Chocolates and Pastries in Paris

Chocolates and Pastries in Paris

I arrived home from my 5 Days in Paris laden with cookbooks on pastry, chocolates and dessert, and yes, I even bought a French one, even though I cant speak the language. But how can you resist when Monsieur Genin is prepared to share his citrus tart recipes in the sweetest little cookbook you have ever seen.  So I shall be translating with my trusty language translator as soon as I can.
The trip was a gastronomic delight of smells, tastes and visions of the finest pastries, the most delicate tarts, and chocolates made by the great chocolatiers.  While Eric worked, I walked the streets of Paris, visiting patisseries, boulangeries, and chocolate shops , and because everyone has to eat at some stage, and I know he loves sweet things , it wasn’t that hard to entice him from his work, into the amazing shops and cafes that make up the Paris food scene. And besides,  eating is so much more enjoyable when you can share it with someone.
 I always research  the cities I am about to visit, so that I can fit as much as I can into my trip, as time is always limited, and this trip to Paris was no exception. My mission was to photograph as much food as I could, and get a whole lot of tasting in as well.
I am a huge fan of David Lebovitz, one of the great pastry chefs of San Fransisco, who now writes amazing books on desserts , ice creams and chocolate,  has written pastry apps for iphones, and lives the sweet life in Paris – so his recommendation to visit Jacques Genin’s salon de thé (tea salon) surpassed all expectations.
We had to wait in a queue as there are only  a few tables in  his beautiful shop and tea salon, but the displays of chocolate ganache tarts, galettes, chocolate and coffee cream puffs and la tarte citron (lemon tarts) together with the most beautiful chocolates and pate de fruits (fruit jellies) makes the wait oh so bearable.  He is renouned for his chocolate chaud (hot chocolate) which was definitely on my list.  It was rich and bitter and arrived in a teapot, and was so thick it was almost difficult to pour, but I managed to extract every drop , even though I needed some serious help in finishing it.

Jacques Genin
133, rue de Turenne (3rd)
Métro: Filles du Calvaire

     Hours Tuesday-Sunday 11am-7pm; Closed Monday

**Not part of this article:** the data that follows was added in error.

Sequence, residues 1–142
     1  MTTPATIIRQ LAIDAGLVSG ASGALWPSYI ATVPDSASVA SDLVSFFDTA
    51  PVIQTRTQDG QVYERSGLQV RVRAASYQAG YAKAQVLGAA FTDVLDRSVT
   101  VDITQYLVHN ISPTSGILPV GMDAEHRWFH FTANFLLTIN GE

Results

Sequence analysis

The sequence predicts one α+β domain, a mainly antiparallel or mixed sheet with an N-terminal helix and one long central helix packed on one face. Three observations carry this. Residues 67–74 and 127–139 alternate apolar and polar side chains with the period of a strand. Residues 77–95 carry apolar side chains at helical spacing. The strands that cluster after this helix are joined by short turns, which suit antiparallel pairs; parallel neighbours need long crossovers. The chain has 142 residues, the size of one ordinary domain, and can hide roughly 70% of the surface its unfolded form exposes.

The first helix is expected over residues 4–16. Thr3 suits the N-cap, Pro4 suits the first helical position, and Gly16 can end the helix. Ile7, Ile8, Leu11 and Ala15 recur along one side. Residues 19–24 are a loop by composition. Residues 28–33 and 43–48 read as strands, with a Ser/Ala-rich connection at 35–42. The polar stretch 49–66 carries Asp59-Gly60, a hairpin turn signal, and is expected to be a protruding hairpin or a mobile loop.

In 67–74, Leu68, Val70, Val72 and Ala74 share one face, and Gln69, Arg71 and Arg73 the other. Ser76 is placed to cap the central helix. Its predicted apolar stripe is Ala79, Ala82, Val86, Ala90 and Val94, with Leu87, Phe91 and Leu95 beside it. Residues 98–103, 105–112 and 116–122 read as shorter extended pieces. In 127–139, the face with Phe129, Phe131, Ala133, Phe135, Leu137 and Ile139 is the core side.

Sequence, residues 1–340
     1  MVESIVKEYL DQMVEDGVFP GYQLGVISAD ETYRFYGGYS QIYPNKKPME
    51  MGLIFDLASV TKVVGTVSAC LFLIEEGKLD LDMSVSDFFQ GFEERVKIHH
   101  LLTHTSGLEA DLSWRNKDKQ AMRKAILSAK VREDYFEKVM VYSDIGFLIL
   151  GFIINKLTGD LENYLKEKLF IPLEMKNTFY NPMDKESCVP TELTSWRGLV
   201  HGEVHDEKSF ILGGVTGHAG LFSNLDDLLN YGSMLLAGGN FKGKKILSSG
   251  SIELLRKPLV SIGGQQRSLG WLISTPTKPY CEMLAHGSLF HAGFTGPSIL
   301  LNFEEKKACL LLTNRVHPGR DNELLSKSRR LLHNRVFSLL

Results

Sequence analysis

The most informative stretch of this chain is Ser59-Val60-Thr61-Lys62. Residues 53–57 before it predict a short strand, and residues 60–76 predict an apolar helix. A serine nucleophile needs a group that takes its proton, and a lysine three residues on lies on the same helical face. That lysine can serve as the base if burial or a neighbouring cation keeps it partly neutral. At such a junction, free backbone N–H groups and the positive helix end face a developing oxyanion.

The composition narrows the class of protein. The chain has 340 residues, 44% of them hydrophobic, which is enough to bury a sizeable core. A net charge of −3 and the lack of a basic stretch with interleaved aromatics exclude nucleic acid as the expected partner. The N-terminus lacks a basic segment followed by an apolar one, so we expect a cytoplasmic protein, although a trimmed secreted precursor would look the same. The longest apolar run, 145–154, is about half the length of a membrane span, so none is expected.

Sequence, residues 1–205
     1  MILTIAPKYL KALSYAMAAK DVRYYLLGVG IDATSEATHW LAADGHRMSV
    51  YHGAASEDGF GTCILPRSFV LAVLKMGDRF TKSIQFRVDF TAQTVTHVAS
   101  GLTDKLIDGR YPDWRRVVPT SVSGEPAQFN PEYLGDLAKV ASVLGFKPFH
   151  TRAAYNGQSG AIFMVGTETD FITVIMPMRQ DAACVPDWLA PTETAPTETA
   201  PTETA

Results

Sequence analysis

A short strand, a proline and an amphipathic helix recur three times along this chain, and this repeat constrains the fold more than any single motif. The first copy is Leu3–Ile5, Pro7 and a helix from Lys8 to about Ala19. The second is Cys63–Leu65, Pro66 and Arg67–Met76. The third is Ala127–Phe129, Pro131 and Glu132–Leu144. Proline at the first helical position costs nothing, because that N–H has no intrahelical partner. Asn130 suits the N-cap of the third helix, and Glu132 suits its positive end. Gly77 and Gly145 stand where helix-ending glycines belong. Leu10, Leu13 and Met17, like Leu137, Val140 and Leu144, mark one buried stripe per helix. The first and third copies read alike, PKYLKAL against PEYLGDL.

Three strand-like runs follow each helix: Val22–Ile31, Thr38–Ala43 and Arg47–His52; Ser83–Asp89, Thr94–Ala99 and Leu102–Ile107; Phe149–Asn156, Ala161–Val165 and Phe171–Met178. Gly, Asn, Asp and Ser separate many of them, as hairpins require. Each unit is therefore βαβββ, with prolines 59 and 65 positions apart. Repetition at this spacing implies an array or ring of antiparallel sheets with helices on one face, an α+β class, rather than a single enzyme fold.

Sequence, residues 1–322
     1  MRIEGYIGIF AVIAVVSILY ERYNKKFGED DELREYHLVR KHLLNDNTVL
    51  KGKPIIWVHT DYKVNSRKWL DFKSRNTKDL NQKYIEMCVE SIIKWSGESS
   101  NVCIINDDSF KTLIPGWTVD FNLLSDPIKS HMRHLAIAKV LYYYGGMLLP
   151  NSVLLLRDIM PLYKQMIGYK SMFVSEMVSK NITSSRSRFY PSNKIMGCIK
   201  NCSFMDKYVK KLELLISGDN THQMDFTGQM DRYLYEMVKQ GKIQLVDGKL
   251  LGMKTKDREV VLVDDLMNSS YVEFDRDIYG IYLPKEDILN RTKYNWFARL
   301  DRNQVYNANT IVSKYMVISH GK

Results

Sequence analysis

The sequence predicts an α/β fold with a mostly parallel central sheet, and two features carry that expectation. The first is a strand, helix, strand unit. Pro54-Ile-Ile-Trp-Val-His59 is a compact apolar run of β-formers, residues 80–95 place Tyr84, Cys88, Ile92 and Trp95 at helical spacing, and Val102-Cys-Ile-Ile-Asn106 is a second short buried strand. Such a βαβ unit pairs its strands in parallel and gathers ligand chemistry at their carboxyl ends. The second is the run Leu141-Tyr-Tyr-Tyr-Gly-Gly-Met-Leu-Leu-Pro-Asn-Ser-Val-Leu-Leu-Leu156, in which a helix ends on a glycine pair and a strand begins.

I had organised a Chocolate and Pastry tour with the beautiful Myram from Meeting the French  
in the upmarket Saint-Germain-des-Pres. We spent 3 hours with her visiting  the chocolate and pastry shops of La Maison de Chocolate, Pierre Herme, and Pierre Marcolini as well as one of the most famous bakeries in Paris, La Poilane .


     Address: 8 rue du Cherche Midi, 75006
Nearest transport: St. Sulpice (4)
Hours: Closed Sunday

The chocolate shops look more like jewellery stores than chocolate shops, and Myram told us that it is not frowned upon in Paris to buy just 1 or 2 thumb nail sized chocolates. This is obviously why French women are so thin. Each delicate chocolate is either filled with ganache or praline of varying flavours and displayed with the style and class, that only the French can do.  Myram was absolutely charming and being the daughter of a pastry chef,  was an expert on the art and history of chocolate and pastries in Paris.  What a great way to spend an afternoon in Paris.

Address 3 Rue scribe 75009 Paris

Metro:  Opera
Hours  Mon- Sat 10.30 – 7pm

Unfortunately I was not allowed to take photographs in most of the shops  – but here is a chart on the different types of pastries that are available in every boulangerie in Paris.
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  • Reply Anti Money Laundering December 27, 2012 at 12:14 PM

    Chocolates and pasties are two heavenly food to eat, thank you for sharing these great photos.

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